Outdoor gear and apparel brand The North Face (Alameda, Calif.) is known the world over for its traditional woodsy aesthetic, but for its store on London’s Regent Street, it decided to offer something unexpected for its thrill-seeking customers.
Samuel Langley-Swain, insights and strategy manager at Birmingham, England-based design consultancy Green Room, which helped implement the project’s store environment, says the brief for this flagship was clear: “The vision for The North Face was to be at the forefront of modern outdoor.”
Practically, this has meant unveiling a 4300-square-foot store that looks different from the brand’s norm, and is regarded as a staging post in the move toward a new face for The North Face.
“We wanted to avoid the clichéd [retail] image of the outdoors, so sitting around a campfire or summiting a mountain was not involved,” says Langley-Swain. Instead, what has been created is a store intended to appeal to those who may not choose to go into shops frequently, and therefore, the location’s design is not “overly prescriptive.”
The interior strikes that tricky balance between a layout that exudes a sense of adventure and one which also has a degree of clear navigation. That adventure is evident in the form of tree-trunk shapes and other references to nature, from the moment shoppers enter this two-story store. The faux trunks begin in the basement and rise up through the stairwell to reach the ceiling of the ground floor, creating a mini-forest. The feature’s intention was “to provide an emotional piece of guidance [and] to get people down to the basement,” Langley-Swain says.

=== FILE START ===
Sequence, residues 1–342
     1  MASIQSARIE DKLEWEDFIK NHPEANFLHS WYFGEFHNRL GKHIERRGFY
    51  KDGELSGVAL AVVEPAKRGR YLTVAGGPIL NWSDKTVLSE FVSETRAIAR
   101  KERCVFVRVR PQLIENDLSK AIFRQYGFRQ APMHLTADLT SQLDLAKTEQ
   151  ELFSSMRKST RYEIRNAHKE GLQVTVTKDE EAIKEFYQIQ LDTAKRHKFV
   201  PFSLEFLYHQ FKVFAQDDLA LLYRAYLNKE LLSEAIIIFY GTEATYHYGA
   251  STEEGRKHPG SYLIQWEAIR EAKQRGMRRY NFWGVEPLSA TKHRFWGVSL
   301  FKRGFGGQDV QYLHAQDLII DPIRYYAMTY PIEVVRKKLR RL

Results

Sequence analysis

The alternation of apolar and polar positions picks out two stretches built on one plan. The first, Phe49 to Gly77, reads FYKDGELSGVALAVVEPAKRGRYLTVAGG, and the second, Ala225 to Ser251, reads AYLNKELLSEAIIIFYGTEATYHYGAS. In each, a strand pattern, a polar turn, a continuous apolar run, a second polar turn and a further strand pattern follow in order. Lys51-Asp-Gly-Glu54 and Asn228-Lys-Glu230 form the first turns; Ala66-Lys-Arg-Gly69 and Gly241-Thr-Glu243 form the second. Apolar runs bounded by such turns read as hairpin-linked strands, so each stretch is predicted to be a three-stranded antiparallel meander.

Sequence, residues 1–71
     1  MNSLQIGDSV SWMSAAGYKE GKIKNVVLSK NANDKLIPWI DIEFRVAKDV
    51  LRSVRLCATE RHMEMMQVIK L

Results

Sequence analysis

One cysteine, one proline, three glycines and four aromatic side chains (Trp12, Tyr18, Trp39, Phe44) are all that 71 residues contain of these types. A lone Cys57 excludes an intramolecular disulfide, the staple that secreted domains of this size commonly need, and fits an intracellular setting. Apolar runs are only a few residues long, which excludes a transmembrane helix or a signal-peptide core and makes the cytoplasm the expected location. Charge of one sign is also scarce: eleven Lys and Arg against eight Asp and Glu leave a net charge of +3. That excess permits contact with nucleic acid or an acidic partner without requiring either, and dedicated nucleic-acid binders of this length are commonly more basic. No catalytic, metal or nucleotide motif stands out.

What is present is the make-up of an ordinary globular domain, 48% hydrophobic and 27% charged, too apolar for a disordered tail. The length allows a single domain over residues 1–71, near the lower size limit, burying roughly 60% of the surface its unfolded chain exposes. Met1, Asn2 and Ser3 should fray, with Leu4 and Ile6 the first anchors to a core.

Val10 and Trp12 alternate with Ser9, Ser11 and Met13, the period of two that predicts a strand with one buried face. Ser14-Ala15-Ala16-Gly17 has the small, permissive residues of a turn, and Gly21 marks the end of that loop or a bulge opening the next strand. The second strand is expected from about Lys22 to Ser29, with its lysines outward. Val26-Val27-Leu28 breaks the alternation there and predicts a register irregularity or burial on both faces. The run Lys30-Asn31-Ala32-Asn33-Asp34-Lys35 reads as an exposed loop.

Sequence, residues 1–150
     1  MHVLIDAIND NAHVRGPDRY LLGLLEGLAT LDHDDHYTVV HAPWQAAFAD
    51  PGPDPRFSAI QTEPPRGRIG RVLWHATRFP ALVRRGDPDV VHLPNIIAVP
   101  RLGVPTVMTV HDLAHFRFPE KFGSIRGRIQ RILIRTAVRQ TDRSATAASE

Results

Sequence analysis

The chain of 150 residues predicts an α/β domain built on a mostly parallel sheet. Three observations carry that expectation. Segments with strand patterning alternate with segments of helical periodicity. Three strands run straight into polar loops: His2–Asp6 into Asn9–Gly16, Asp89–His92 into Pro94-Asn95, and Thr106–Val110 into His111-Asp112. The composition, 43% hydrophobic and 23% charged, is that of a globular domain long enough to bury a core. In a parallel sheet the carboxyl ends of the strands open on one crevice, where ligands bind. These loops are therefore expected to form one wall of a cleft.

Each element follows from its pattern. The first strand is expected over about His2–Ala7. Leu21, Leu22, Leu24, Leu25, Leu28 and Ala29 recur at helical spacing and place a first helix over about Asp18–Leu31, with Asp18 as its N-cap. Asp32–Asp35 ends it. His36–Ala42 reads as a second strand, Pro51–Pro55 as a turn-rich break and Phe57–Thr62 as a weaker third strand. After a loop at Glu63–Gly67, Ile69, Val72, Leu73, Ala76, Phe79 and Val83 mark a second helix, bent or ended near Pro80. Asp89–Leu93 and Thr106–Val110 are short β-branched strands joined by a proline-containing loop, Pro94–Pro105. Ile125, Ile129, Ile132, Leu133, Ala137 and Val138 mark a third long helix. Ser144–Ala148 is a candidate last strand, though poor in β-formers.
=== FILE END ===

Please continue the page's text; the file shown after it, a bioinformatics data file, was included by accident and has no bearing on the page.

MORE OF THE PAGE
This unusual element coupled with a product layout modelled after outdoor lifestyle, rather than the grouped by category, as merchandise is typically organized in similar stores, positions this outerwear store as something noteworthy and different.
Practically, this means an interior that has been divided into three distinct areas. “Live” features outdoor-wear; “Train” offers clothes associated with fitness training; and “Explore” encompasses high-performance products for specific outdoor activities. This is all complemented by a digital wall system that allows for “hero products” to be displayed and gives customers guidance on the product range.
And this isn’t a one-off: “Learnings” from this store will be adapted and rolled out globally, says Mike Roberts, chief creative officer at Green Room, to extend the modern outdoor experience to its other locations.
The North Face, Alameda, Calif.
Green Room, Birmingham, England
Photography: Johannes Marburg, Geneva, Switzerland